A sampling of this week’s books:
- Harry Potter and the Sorcerer’s Stone by J.K. Rowling (Illustrator: Mary GrandPre)
- Harry Potter and the Chamber of Secrets by J.K. Rowling (Illustrator: Mary GrandPre)
- Harry Potter and the Prisoner of Azkaban by J.K. Rowling (Illustrator: Mary GrandPre)
As parents, our attitude toward reading has always been a rather loose one: The more books you read, the less power any one book has over you. So we have typically let The Eight-Year-Old read pretty much whatever she wanted (with obvious exceptions — no adult fiction, unless it’s been prescreened).
This typically works well for us because The Eight-Year-Old naturally gravitates towards kids’ books and non-fiction magazines about animals, science, and antiques. We had a few attitude bobbles while she was reading Diary of a Wimpy Kid, and every once in a while I question my choice to allow her to read National Geographic, but overall, The Eight-Year-Old is pretty good at self-censoring her reading choices.
Inevitably, Harry Potter flew into The Eight-Year-Old’s life this week. The first two books were no problem. Aside from a scene crawling with giant spiders, there was very little in them that I thought she’d have trouble with.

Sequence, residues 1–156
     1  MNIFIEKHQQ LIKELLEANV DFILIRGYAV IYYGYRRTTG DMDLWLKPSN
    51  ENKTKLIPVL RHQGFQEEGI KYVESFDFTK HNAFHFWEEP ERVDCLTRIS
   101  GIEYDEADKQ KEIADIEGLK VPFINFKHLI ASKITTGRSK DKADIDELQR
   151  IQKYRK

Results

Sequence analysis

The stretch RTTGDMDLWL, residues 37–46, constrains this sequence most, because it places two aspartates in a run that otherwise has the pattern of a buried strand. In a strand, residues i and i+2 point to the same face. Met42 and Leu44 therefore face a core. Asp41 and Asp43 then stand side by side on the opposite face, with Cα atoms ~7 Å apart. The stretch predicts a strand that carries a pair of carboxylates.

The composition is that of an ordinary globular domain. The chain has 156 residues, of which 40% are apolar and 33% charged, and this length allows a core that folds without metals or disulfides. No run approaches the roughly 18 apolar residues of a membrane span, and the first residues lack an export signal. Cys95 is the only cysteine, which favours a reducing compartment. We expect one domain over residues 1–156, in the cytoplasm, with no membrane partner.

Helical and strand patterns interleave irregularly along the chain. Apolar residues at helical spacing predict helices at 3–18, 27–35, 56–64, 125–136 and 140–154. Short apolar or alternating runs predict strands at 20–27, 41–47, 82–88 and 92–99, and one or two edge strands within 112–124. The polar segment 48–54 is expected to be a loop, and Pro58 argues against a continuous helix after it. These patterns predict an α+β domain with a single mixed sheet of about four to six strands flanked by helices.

Harry Potter and the Prisoner of Azkaban is a different story. The Eight-Year-Old is not ready to deal with maniacal mass-murderers or Dementors. At best, they’d give her nightmares. Knowing my daughter, reading Harry Potter and the Prisoner of Azkaban too soon would turn her off one of the best children’s series I’ve ever read.
After reading Harry Potter and the Sorcerer’s Stone and Harry Potter and the Chamber of Secrets in two breathless gulps, The Eight-Year-Old couldn’t wait to start Harry Potter and the Prisoner of Azkaban. And if she wanted to read it, our book parenting philosophy demanded that we let her. But knowing she wasn’t ready for it (and knowing that the remaining books become ever-more challenging as the series go on), could we in good conscience let her?
Daddyo and I talked through various options: making her wait a year in between books, making her watch the movies as she reads each book (The Eight-Year-Old hates live-action movies, so this would be an effective stalling tactic), or doing nothing and letting her read the books at her own pace, like we would with any other children’s series.
In the end, we decided to tell her about our concerns, but let her make her own decision about whether or not to read each book in the Harry Potter series.
Yesterday, when I noticed The Eight-Year-Old rereading The Chamber of Secrets, I asked her how The Prisoner of Azkaban went.
The Eight-Year-Old: “Oh, I’m only on page thirty-six. I decided I didn’t want to read it yet.”
So it’s back on our shelf of purple books, ready to be enjoyed when The Eight-Year-Old is ready for it.